With this recent news story popping up about a man who drove his 4×4 up Snowdon, and having climbed the Welsh mountain twice myself, I have decided to investigate some of the different ways to ascend the 1085m summit.
The Llanberis Path – This is the easiest and the longest way up Snowdon. In fact the ascent is so gentle that one is pleasantly when the summit comes into view, because it doesn’t feel like climbing a mountain at all. Don’t underestimate it though – accidents have occurred with people wearing high heels. Also don’t get down at the train passing you on the way up; the Halfway café is beside the path 570m up.
The Horseshoe – The famous Horseshoe route comes with awarning, do not attempt unless you are an experienced walker with nerves of steel. The walk along the foot-wide ridge is the marmite of the hiking world, it offers some of the best views in the British Isles, but his is because there is a very, very long way down. Not only will you have earned your pint at the top of this one, but you will probably need it!
Watkin Path – Used to be an old donkey path but according to Hightrek: “The Watkin Path. Sir Edward Watkin was an interesting man – a great railway entrepreneur in the 19th century who pursued many adventurous and aborted schemes – including an original channel tunnel and a plan for a huge hanging garden structure in London. This path is the one he built from his summer house in the Nant Gwynant from the end of the slate quarry track to the summit.” This is said to be one of the hardest ascents, Mr. Watkin must have been some climber – although what else would you expect from someone who lives on the highest mountain South of the Border!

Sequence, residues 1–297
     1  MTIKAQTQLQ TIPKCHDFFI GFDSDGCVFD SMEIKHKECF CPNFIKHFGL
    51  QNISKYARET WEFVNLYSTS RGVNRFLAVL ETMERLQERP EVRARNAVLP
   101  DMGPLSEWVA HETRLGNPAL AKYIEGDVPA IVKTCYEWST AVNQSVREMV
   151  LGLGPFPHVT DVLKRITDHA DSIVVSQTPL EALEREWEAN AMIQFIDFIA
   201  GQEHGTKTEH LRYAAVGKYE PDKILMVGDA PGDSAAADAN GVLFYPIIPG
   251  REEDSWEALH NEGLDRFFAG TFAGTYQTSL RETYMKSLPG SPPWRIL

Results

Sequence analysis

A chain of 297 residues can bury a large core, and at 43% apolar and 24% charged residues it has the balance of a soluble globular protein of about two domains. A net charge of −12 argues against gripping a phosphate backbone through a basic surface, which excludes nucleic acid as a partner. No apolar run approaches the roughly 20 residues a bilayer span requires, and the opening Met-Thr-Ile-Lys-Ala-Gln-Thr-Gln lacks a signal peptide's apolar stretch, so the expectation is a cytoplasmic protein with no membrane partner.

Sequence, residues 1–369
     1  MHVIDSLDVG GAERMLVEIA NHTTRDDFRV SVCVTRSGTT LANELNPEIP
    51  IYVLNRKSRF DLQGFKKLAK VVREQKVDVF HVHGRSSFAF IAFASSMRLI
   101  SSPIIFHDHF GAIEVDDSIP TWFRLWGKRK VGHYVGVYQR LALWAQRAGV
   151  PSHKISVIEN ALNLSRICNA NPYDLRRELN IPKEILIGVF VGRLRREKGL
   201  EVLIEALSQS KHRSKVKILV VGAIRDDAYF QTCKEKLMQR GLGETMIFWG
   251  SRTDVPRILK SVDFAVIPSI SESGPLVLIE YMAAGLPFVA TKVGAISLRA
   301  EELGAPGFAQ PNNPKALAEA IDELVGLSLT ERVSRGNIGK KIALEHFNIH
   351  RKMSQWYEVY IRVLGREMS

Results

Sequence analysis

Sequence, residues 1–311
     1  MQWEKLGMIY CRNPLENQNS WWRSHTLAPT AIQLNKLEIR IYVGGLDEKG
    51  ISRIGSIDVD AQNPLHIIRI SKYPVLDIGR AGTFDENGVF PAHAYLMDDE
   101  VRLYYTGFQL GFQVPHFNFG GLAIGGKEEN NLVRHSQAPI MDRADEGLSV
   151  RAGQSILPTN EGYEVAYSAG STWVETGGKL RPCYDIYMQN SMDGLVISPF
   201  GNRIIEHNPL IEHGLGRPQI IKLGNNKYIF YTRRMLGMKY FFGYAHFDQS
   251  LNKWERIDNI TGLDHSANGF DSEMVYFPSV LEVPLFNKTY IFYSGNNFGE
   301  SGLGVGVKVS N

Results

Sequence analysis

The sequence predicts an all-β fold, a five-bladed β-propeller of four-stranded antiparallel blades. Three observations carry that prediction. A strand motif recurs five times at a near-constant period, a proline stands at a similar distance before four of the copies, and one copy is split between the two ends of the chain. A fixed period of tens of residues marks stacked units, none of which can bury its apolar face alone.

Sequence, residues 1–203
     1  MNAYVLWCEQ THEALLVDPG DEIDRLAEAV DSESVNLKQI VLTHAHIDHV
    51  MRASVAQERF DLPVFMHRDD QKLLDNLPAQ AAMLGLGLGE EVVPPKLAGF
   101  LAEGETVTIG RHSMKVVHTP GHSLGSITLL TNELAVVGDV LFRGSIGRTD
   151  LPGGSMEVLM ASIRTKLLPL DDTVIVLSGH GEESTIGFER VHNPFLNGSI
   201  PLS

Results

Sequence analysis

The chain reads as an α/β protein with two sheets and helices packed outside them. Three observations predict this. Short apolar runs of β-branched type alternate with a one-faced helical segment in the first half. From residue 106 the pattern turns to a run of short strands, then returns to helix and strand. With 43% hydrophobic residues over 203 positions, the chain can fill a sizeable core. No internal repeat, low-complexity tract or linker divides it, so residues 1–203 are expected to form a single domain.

Fell Running – Technically this isn’t a route up the mountain, but it is certainly a way to get to the top. There are various different routes to run on this mountain. One of the most strenuous would have to be the Snowdonia Marathon, the route circles the mountain and includes the breathtakingly beautiful summit. This race was started in 1982 and was voted the best marathon in the UK by Runners World in 2007.
The Snowdon Mountain Railway – The Railway still uses 3 of the original 4 steam locomotives manufactured in 1895. Built by the Swiss Locomotive & Manufacturing Co. of Winterhur, the first train cost a total of £1525. As mentioned earlier, the track follows some of the earlier stages of the Llanberis path, so you can enjoy (or feel guilty about) the views of hikers huffing and puffing to the top. The steepest gradient on the route is 1 in 5.5. The gradients on the route make it unsuitable for a normal adhesion railway, so a rack and pinion system was installed. Snowdon Mountain Railway is the only public rack and pinion railway in the British Isles.
So if you would like to enjoy North-West Wales’ finest without ending up in court, do one of the above. Just remember that winter is approaching so be careful…